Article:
The law is clear when it comes to the requirements for fall protection harness. Safety equipment must be capable of protecting workers in their moment of need, and the Occupational Safety and Health Administration (OSHA) seeks to ensure this by requiring that all products be tested to rigorous standards. The regulations go so far as to prescribe the precise maximum weight loads and arresting forces that safety product manufacturers must test against, so that all products are forced to meet the same high bar for ensuring worker safety. OSHA’s standards for fall protection and PPE are laid out in OSHA 1926 Subpart M (fall protection) and OSHA 1910 (general industry safety).
In addition, the American National Standards Institute (ANSI) is a private nonprofit organization that helps industries develop voluntary standards for products and systems. The construction industry has its own set of standards pertaining to fall protection and fall safety, notably ANSI Z359.11-2014 for fall protection harnesses and ANSI A10.32-12 for fall protection compliance.
Make sure that the harness you choose is rated for the appropriate OSHA and ANSI standards. You should be able to find these exact standard numbers on the product’s website or packaging, the product’s manual or spec sheet, and labeled on the product itself.
Every safety harness comes equipped with a dorsal ring (D-ring) that can be used as an attachment point for fall arrest lanyards and SRLs. But there are many other D-rings and attachment points that can optionally be included on your harness, depending on your intended application. If you will be working suspended and need your hands free to work — as is often the case with tower work or rebar construction — find a harness that includes hip or side D-rings, which allow positioning devices such as a belly chain or a rebar chain assembly to connect to the harness for hands-free positioning. If you will be climbing a fixed ladder, look for a harness with a front (sternal) D-ring.
Choosing a harness that doesn’t fit properly is frustrating at best and downright dangerous at worst. Struggling to find a harness that fits correctly the first time and trying to decode harness sizing that varies between manufacturers can even delay your work.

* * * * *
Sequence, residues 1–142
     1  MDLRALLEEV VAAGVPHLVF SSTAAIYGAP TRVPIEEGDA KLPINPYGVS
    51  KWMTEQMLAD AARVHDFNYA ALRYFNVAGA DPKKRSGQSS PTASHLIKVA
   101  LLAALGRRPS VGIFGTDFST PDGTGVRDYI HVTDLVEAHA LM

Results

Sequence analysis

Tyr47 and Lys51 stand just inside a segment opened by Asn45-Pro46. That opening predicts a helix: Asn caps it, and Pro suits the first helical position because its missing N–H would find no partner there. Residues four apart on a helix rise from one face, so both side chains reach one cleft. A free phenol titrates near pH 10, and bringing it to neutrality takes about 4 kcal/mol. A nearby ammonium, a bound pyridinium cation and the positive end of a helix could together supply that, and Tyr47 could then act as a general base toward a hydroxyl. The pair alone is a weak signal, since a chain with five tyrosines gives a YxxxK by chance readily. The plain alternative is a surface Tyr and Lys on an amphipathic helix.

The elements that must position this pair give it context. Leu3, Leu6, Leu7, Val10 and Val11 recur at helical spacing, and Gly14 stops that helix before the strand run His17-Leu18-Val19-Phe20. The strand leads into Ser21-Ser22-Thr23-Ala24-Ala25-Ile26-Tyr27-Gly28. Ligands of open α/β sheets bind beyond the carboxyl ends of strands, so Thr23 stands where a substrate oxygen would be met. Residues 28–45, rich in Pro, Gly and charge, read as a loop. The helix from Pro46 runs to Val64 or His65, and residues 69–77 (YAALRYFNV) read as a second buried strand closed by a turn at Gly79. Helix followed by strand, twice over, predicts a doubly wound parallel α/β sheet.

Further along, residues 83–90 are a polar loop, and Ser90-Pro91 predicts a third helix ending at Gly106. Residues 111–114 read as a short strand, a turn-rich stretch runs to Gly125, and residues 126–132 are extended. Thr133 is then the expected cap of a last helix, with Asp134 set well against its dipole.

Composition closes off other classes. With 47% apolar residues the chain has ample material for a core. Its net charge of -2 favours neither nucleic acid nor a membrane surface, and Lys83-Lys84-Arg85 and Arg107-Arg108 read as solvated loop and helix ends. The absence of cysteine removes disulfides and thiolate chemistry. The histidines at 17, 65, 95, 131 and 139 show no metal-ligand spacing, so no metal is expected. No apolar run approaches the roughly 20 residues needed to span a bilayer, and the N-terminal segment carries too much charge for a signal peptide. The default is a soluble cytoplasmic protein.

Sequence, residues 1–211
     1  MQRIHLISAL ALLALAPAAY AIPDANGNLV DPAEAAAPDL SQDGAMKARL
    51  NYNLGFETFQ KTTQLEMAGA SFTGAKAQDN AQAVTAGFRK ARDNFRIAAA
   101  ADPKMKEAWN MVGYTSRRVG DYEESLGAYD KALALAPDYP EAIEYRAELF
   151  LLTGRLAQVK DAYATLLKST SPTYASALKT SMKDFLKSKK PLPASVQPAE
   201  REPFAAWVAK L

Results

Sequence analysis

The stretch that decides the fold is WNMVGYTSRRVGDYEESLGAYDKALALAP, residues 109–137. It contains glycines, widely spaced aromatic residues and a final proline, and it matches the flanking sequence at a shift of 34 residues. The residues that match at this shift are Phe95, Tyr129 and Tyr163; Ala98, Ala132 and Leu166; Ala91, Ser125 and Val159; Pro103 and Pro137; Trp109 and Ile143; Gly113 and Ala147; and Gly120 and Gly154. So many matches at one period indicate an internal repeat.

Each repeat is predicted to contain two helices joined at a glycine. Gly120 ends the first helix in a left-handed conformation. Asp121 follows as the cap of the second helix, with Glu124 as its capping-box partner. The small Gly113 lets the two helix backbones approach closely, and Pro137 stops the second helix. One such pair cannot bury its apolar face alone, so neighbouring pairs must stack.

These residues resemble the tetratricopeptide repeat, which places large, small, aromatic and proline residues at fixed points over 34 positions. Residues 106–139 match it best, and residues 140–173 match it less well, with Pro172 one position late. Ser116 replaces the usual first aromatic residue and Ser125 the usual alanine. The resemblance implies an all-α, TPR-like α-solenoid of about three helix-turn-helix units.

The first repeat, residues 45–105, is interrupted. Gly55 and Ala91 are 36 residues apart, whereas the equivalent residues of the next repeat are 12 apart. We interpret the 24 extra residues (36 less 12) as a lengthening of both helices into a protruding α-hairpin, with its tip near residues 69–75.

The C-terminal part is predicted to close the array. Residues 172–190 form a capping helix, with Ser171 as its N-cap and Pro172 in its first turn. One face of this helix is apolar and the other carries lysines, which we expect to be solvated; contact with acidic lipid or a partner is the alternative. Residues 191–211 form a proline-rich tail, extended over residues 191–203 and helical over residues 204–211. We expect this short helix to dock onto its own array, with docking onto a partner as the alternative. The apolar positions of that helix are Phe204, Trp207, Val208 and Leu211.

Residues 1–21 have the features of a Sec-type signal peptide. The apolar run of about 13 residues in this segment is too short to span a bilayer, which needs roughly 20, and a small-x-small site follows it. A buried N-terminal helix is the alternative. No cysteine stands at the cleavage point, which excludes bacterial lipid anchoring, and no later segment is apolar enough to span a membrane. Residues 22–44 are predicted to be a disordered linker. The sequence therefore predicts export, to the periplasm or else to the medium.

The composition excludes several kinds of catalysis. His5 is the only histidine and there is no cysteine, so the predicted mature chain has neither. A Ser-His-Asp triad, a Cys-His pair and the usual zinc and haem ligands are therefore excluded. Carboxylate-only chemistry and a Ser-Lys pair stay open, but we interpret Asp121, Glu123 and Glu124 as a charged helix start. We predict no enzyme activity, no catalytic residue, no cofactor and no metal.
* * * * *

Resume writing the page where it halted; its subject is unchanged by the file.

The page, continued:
When it fits properly, a harness should fit snugly but not be constricting. You should be able to slip your fingers — but not a fist — between your body and the harness. There should not be excess webbing hanging down that can get in the way or your work or get caught in machinery.
When worn correctly, the D-ring should be positioned high in the center of your back, sitting between your shoulder blades. (A front D-ring should be centrally positioned at your sternum or breastbone.) D-rings positioned high in the center of your body allow your fall protection equipment to do its job, safely keeping you in an upright position and distributing the force of arresting a fall throughout your body.
Safety equipment only works when you use it. If a harness is uncomfortable, most workers will not want to wear it all day — and who could blame them? But fall protection harnesses need to be worn at all times whenever you are working at heights, even during a long shift working up high in the hot sun carrying heavy gear all day. The last thing you need is to find your harness uncomfortable.
A lightweight harness can help to relieve the total load you have to carry on your body all day. Many harnesses come with extra padding at the shoulders, back, waist, and legs, which can significantly improve your comfort while wearing them.
If you will be working at night, in inclement weather, or in any other situation in which your visibility may be a concern, you want to ensure your harness will be visible. Because your harness is worn over top of all your clothing, it is that much more important that the harness itself is highly visible, and ideally reflects light. Most fall protection harnesses are made from brightly colored material, and many include reflective materials or reflective stitching that help you be seen even in low light or poor visibility conditions.
Proper maintenance and inspection of your safety equipment is key to ensuring you and your team remains safe on the job. Before using your harness, be sure to inspect it for any signs of damage or wear. Be sure to check the webbing, stitching, and hardware to ensure they are free from cuts, burns, breakage, excessive wear, or any other damage.
A quality harness can last you for many years as long as it is properly maintained. Of course, everyday wear and damage can occur with repeated use, which is why routine inspections are so important. Once a harness shows any signs of damage or wear, it’s time to replace it.
In addition, any harness that has been involved in a fall incident — one in which the fall arrest system deployed to stop an uncontrolled descent — should be replaced immediately. Fall protection harnesses are tested and rated to arrest a fall but the forces at work when a fall arrest system engages can be staggering. Even a successfully deployed fall arrest system that prevents any injury to the worker can put stress on a harness’s webbing and hardware that may go unseen. It is best not to take any chances and to replace any harness that was worn during a fall.
Your safety harness is a personal choice that’s influenced by your comfort and the kind of work that you do. Wearing a reliable, well maintained harness from a manufacturer you can trust can literally save your life. By considering the seven questions outlined above when choosing your harness, you can ensure that you always have exactly the right gear that you need to keep you safe.